Height, weight, waist circumference, and fasting blood drawn to assess blood lipids-lipoproteins were obtained. Height and weight were measured and then used to calculate body mass index (BMI) (kg/m2). Resting BP and heart rate were measured following a seated rest period of 5 min by trained research personnel. Subjects then completed a GEST using the modified Balke protocol to determine peak oxygen consumption () [17, 19]. Participants were then double-blinded and randomized to receive 80 mg of atorvastatin () or a placebo () and instructed to take two capsules at night daily during the next 6 mo. Research personnel telephoned subjects every other week inquiring about changes in medication use, medication adherence to the study drug, and any symptoms of myalgia. Study drug compliance was calculated at 3 and 6 mo via pill capsule count. All study procedures (i.e., resting BP, fasted blood draw, and GEST) were repeated following 6 mo of drug treatment. The analysis of this substudy did not include subjects that reported myalgia in the main study as they would have posttested earlier than 6 mo.

2.1. Blood Lipids

Blood samples were obtained and lipids measured as previously described [17]. Briefly, samples were drawn before and after 6 mo of drug treatment from the antecubital vein for analysis of the lipid-lipoprotein profile (i.e., total cholesterol, LDL cholesterol, high density lipoprotein cholesterol (HDL), and triglycerides). LDL cholesterol was calculated using the Friedewald equation [20].

2.2. Resting Blood Pressure and Heart Rate

Resting BP was measured following a 5 min seated rest prior to the peak GEST. Subjects were seated with both feet flat on the floor, legs uncrossed, and backs supported. A trained research associate measured SBP and diastolic BP (DBP) by auscultation in the right arm supported at heart level according to standard procedures for BP assessment [21]. A heart rate monitor (Polar Vantage NV HR Monitor, Polar Electro Inc., Port Washington, NY, USA) measured resting heart rate. Mean arterial pressure (MAP) was calculated as .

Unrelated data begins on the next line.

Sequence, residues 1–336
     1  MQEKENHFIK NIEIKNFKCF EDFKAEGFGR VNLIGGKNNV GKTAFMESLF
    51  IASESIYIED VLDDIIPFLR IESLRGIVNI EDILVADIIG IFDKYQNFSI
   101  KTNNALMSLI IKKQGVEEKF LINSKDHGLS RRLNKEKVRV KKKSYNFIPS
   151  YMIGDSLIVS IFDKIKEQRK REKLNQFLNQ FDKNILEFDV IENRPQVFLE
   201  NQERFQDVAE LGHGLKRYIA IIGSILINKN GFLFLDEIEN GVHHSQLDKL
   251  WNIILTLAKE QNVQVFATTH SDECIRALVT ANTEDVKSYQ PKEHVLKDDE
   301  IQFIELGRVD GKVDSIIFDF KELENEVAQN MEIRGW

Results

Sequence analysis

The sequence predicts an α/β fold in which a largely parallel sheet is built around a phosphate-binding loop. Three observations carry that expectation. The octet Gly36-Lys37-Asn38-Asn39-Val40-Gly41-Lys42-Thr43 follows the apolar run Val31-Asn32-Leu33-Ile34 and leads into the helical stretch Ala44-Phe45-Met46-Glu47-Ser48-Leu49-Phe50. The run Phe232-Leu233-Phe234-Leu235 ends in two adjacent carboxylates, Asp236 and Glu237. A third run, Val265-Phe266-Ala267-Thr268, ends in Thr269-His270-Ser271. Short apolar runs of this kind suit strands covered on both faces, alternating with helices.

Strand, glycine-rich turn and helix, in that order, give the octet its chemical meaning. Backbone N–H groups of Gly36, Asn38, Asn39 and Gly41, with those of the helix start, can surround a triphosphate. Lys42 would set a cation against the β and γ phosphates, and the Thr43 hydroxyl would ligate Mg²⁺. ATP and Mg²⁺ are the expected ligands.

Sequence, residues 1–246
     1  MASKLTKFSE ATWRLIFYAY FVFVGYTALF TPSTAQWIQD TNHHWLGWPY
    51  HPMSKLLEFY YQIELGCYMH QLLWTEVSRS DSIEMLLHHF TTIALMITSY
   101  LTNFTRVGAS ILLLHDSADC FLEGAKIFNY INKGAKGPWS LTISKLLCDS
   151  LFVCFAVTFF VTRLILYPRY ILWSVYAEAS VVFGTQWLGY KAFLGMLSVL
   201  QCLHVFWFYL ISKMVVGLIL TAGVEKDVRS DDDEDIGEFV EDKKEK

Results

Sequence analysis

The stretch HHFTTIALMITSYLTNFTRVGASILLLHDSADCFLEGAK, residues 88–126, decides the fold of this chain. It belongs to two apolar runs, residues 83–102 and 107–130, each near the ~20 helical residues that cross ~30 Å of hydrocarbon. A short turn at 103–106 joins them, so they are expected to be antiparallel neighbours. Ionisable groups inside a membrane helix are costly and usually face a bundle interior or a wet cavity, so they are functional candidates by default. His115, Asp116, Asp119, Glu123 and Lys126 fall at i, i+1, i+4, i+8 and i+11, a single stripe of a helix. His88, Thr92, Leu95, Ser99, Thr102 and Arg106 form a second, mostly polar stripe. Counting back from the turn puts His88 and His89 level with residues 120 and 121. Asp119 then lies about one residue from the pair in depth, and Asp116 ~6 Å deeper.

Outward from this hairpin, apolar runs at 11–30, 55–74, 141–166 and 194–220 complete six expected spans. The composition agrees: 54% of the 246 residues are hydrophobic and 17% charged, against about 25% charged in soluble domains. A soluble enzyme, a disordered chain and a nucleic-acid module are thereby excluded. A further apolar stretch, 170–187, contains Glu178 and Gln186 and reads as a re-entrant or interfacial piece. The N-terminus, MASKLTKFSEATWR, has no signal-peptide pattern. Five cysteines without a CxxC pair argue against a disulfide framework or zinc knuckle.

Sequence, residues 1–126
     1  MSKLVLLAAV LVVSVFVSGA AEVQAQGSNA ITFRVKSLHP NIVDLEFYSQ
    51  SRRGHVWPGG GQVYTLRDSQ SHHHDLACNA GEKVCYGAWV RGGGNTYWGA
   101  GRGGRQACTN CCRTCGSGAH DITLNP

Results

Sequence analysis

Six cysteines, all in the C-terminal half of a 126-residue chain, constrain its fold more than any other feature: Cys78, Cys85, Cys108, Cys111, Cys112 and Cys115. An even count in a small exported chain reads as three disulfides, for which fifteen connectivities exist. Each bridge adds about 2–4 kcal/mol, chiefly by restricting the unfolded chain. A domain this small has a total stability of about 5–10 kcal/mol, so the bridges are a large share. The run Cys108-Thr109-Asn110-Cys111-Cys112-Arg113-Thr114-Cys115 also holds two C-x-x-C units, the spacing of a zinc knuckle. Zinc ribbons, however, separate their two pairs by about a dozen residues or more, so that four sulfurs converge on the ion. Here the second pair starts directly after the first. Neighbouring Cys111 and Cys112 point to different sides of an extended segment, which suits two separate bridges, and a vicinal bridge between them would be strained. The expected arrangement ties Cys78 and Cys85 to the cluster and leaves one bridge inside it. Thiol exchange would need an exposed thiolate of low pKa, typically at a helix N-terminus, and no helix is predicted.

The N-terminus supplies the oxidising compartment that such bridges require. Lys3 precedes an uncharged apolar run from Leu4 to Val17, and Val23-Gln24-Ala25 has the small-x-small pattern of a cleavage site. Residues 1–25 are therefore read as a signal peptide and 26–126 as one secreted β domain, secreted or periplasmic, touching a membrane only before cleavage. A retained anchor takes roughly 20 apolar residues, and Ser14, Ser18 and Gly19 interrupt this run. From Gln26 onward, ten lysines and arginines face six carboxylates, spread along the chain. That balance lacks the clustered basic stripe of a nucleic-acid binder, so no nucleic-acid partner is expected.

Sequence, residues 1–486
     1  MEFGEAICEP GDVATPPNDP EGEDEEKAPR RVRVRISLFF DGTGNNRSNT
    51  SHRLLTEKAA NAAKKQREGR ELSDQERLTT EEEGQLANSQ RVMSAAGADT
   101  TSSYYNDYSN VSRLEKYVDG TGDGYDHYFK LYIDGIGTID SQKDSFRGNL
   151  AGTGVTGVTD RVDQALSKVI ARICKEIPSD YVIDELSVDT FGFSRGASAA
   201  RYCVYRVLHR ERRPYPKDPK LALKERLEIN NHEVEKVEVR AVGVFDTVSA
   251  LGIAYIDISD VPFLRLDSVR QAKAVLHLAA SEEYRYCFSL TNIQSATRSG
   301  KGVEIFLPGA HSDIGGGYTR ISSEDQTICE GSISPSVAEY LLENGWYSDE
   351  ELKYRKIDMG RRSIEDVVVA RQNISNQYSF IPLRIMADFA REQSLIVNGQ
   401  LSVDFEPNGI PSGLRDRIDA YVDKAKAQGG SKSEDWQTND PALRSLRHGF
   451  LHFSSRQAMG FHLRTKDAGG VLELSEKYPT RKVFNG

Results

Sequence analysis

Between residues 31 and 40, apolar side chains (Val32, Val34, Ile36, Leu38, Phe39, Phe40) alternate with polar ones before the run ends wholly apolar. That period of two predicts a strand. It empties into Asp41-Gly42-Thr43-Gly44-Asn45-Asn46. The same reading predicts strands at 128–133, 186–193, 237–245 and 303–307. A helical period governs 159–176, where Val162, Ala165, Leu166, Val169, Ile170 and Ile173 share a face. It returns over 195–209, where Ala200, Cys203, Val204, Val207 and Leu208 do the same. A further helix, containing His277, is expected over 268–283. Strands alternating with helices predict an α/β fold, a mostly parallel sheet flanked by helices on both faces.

2.3. Peak Cardiopulmonary Graded Exercise Test

was determined on a treadmill with a modified Balke protocol [17, 19]. The subjects sat for 5 min to establish gas equilibration at which time a pre-GEST resting BP was measured via auscultation in the right arm. The Parvomedics True One 2400 Metabolic Cart (ParvoMedics Corp, Sandy, UT) was used for breath-by-breath analysis of expired oxygen and carbon dioxide to determine .

Subjects began the peak GEST by walking at a 2 mph on a 0% incline for 2 min. Following this warm-up, research personnel increased the treadmill speed to a pace that the subject could maintain to complete the test. The incline of the treadmill increased 1% every minute until the conclusion of the test. Heart rate, BP, and the Borg scale rating of perceived exertion were recorded [19]. The subject continued to exercise until they reached volitional fatigue, or if research personnel had to stop the test for any other reason such as the case if the subject felt they could not continue.

2.4. Peak Systolic Blood Pressure

The peak SBP achieved on the GEST was the highest SBP recorded 1 min prior to the end of exercise. If peak SBP could not be attained during exercise, peak SBP was obtained within 30 sec of exercise cessation. If SBP was measured at 1 min before and immediately after a GEST, the latter was used as peak SBP. Only 49 subjects had exercise peak SBP measurements obtained before and after the study due to excessive movement at peak exercise. These subjects serve as the subsample to examine the influence of statins on the peak SBP response to a GEST.

2.5. Statistical Analysis

Differences in baseline characteristics between placebo and atorvastatin groups were assessed with a 1-way analysis of variance (ANOVA) with significance set . Data are reported as mean ± standard error of the mean (SEM). Independent samples -tests were used to compare baseline characteristics between men and women by atorvastatin and placebo groups. Bivariate correlations were run to test for significant relationships between changes in LDL cholesterol and changes in resting and peak SBP. Repeated measures analysis of covariance (ANCOVA) tested between-group differences in the change of resting BP and peak SBP on a GEST at 6 mo from baseline with sex, menopausal status, and BP medication use as fixed factors and age, BMI, and as covariates. Drug sex interactions were analyzed using ANCOVA with Bonferroni correction. All statistical analyses were performed using the Statistical Package for the Social Sciences (SPSS) 14.0 program for Windows (SPSS Inc, Chicago, IL).

3. Results